An update from the Social Issues Committee

Are you interested in learning more about how the Women’s Centre works for change? Find out what the Social Issues Committee has been up to and how they are working to represent the diverse needs of women in Calgary.

What does the Social Issues Committee do?

The Women’s Centre’s Social Issues Committee is a group of dedicated volunteers and community members who work on women’s issues and giving women a voice on policy and social issues.

One of the Committee’s main goals is to ensure the inclusion of a gender lens on poverty reduction policies. This year the Committee was involved in providing input on the City of Calgary’s Poverty Reduction Initiative. Social Issues Committee members also hosted the Women’s Centre’s “Community-Led Discussion” project to provide feedback for the Provincial Poverty Reduction Strategy. Recurring themes that were stressed by attendees included the need for increased income, and increased access to both affordable childcare and housing.

The Social Issues Committee also participates in and attends a number of community events in Calgary that work to address issues impacting the lives of women. Within the past year, the Committee participated in Make One Change: A Women’s Gathering and International Woman’s Day celebrations, as well as attended the Take Back the Night March, the Sisters in Spirit March and the Valentine’s Day Women’s Memorial March.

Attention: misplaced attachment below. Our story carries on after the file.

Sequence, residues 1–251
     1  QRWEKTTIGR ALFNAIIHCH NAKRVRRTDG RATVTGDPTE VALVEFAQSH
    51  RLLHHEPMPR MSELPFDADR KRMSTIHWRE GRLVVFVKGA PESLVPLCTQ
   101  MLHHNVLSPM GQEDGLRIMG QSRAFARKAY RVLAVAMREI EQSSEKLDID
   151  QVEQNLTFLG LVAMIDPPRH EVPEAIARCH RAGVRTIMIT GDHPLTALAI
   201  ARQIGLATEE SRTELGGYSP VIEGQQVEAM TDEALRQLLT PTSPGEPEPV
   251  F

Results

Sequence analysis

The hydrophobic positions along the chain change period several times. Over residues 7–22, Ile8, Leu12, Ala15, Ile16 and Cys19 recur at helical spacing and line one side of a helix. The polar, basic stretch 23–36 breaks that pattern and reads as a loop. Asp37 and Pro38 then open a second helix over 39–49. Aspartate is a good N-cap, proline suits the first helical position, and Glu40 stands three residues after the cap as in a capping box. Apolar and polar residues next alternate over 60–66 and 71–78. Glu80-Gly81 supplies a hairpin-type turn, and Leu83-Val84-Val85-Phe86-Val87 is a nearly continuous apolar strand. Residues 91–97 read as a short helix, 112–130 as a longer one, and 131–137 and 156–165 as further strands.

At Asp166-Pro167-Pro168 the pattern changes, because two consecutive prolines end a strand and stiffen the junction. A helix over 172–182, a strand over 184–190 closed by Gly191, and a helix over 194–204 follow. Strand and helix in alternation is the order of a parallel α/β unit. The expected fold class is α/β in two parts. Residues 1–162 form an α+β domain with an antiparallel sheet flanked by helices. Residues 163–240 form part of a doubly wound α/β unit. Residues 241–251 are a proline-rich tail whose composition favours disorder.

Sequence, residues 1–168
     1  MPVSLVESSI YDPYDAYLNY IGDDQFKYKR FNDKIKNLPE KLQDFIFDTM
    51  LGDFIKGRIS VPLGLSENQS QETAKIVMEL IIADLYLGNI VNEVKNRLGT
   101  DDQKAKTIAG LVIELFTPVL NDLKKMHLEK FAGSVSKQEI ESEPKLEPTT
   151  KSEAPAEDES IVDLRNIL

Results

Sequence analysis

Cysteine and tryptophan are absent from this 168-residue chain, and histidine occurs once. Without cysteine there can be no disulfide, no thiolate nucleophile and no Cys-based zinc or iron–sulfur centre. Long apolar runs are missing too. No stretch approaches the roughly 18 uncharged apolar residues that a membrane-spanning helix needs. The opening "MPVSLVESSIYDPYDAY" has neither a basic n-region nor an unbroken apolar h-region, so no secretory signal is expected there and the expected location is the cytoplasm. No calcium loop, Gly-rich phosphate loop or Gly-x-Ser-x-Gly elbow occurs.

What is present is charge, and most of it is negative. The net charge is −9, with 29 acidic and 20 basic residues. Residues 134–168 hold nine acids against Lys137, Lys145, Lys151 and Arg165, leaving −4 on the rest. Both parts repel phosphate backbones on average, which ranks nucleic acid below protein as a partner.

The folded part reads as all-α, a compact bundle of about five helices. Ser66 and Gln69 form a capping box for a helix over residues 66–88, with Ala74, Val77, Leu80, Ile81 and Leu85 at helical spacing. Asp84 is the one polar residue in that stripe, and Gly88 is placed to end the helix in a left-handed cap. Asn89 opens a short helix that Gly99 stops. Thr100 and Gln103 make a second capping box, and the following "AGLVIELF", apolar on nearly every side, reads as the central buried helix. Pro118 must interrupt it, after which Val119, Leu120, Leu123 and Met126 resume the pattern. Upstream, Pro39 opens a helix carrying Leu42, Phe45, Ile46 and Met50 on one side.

What is the Social Issues Committee currently working on?

As a result of the policy change recommendations that came out of the Make One Change women’s gathering, as well as consideration for work being done by partner agencies and grassroots groups, one of the Committee’s first initiatives is to work on a recommendation regarding amending the Alberta income tax act to replace it with a progressive tax system.

The Committee began researching income taxes in Alberta and across Canada. Some of the findings that have come out of our work on this initiative so far:

  • Alberta is the only province in Canada that has a flat tax system, meaning that all tax payers, regardless of income bracket, pay the same provincial tax rate of 10%.
  • In a progressive tax system, used by every other Canadian province, the provincial tax rate varies based on a person’s income. Those with the lowest income levels pay a lower rate of provincial tax, and those with the highest incomes pay a higher rate of income tax.
  • A progressive tax system could provide government with increased tax revenue, with more being contributed by those who can afford it. This tax revenue, in turn, can be re-invested into social services and poverty reduction.

Check out the flat tax infographic created by members of the Social Issues Committee below (click to enlarge).

For more information, or to find out how you can get involved, please contact Leah,

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